Table of Content
Control process is a series of steps in setting standards, measuring actual performance and taking corrective action to ensure planning is executed and carried out correctly. It helps to keep track of errors that occur in order to meet and achieve the desired goal and correct where mistaken.
The control process involves four basic steps:
Step One: Establish standard of performance: Plans should be translated into something that should be performed. This performance can be in a form of goals that must be attainable, measured and realistic.
Step Two: Measuring actual performance: Once the standards are established you have to collect information, performance report on your suppliers and also do personal observation as to why your equipment break easily. Is it because consumers use it unwisely or because it not assembled as per instructions.
Step Three: Analysing deviation: This is when the management then ask himself/herself as to why the business standards are not met. He/she then decides whether to emphasis his/her way to control his/her suppliers to ease the situation or is change of suppliers necessary to meet the standard.
Step four: Taking corrective action: After the decision you made in step three as a manager you must then develop solutions for the situation to meet the performance or the goal of the business.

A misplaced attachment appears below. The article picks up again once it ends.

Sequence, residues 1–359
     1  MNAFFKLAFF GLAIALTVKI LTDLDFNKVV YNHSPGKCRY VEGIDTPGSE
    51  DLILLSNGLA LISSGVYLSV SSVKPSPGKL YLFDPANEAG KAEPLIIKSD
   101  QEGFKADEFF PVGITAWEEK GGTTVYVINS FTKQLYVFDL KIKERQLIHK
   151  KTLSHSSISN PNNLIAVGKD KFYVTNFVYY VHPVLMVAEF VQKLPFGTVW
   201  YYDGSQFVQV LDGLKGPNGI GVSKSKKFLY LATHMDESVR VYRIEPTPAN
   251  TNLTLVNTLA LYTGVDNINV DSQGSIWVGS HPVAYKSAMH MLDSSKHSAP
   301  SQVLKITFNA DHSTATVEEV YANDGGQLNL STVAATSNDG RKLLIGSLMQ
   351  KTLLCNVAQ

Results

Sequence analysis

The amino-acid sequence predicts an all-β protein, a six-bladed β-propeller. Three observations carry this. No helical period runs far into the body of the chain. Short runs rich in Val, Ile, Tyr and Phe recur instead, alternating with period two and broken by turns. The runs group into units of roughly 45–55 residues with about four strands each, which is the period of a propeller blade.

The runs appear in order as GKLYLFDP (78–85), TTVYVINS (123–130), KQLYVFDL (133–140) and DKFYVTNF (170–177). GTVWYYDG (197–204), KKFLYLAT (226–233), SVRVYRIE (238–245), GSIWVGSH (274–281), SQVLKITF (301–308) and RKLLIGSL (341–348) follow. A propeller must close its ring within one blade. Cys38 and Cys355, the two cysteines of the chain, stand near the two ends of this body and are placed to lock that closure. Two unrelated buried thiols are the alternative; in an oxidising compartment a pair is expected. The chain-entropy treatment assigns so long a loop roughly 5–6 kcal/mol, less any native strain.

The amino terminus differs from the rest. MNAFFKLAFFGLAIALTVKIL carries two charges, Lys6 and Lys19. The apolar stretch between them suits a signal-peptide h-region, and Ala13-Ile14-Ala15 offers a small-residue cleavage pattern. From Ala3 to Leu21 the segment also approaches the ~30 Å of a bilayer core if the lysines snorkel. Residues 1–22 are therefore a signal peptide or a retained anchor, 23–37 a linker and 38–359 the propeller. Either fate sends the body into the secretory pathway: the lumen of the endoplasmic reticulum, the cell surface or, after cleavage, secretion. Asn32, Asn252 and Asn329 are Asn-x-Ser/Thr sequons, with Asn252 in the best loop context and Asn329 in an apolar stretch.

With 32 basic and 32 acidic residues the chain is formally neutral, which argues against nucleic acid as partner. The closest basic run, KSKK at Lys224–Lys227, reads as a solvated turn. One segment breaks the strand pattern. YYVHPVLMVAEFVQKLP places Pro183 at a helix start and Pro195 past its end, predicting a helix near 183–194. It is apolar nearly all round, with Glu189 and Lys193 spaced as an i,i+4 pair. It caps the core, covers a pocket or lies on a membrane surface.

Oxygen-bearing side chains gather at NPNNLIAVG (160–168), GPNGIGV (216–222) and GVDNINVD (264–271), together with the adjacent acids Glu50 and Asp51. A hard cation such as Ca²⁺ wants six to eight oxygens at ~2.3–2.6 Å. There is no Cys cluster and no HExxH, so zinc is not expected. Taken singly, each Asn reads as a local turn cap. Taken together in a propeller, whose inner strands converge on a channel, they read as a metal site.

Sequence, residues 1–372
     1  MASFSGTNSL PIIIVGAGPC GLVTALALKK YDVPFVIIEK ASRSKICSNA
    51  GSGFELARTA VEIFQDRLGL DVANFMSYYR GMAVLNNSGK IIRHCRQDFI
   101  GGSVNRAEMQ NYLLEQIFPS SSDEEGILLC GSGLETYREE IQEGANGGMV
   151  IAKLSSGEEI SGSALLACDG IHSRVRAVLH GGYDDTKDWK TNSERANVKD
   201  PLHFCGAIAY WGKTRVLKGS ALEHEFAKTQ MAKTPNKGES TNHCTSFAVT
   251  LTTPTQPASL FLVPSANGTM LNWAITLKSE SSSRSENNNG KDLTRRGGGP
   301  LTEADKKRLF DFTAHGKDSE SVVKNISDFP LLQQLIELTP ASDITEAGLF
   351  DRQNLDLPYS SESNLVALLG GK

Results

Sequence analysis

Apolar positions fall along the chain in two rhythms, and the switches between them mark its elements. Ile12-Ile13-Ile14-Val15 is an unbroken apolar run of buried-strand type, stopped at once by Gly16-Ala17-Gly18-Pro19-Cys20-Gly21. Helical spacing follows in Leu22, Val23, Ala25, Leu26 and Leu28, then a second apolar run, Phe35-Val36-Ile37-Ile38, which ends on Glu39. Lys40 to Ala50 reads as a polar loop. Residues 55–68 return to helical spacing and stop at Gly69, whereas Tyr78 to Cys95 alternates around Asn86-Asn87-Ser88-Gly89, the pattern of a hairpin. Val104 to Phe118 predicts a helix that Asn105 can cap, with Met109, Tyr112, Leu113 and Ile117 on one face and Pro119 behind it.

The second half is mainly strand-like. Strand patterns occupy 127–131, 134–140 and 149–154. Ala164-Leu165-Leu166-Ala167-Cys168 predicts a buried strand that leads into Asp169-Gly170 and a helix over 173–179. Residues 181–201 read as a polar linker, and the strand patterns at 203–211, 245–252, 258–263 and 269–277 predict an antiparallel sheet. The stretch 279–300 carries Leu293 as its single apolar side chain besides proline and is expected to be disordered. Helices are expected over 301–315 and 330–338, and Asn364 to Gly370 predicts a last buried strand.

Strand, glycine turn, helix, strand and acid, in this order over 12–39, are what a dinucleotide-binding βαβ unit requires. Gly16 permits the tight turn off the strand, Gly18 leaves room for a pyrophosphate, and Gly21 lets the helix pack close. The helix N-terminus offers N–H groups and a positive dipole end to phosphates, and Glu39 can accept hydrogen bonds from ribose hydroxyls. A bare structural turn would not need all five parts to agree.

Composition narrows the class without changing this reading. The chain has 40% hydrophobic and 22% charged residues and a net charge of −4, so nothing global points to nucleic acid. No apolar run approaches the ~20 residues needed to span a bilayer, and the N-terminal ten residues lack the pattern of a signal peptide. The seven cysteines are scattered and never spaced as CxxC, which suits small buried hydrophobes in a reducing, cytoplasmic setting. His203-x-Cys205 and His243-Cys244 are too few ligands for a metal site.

Component of leadership:
Motivation: A leader should motivate and inspire followers to keep going and raise their spirit towards attaining the goal of the company.
Problem solving: As a leader you have to solve problems that arise and face challenges and also come up with solutions as to how to overcome the problem.
Facilitation: A leader must influence and shape the behaviour of his/her followers in order to attain the planned task.
Representation: Leaders represent their followers in situations where interaction with other managers is involved.
Guidance: As a leader you must guide and direct your followers to keep them on track on how to move forward in the right direction and make best decisions
Types of power:
Coercive power: To have the power to persuade or force employees to act in a particular way against your will or setting consequences. The leader relies on threats or language to motivate.
Referent power: This power refers to the ability of an individual to attract others and being loyal towards the followers. This occurs when a leader is successful and has a good track record of success. He/she is able to influence his/her followers to copy him/her and walk on his/her footstep.
Creating an organisational structure basically involves defining the framework your business operates under.
Outline your governance plan: This refers to identifying roles in the organisation. The committee writes a business plan, obtain funding and develop their first proposal. The BOD must conduct activities; make contact and network with other Mc Donalds franchise to meet the objectives. A formal structure helps members to act more quickly.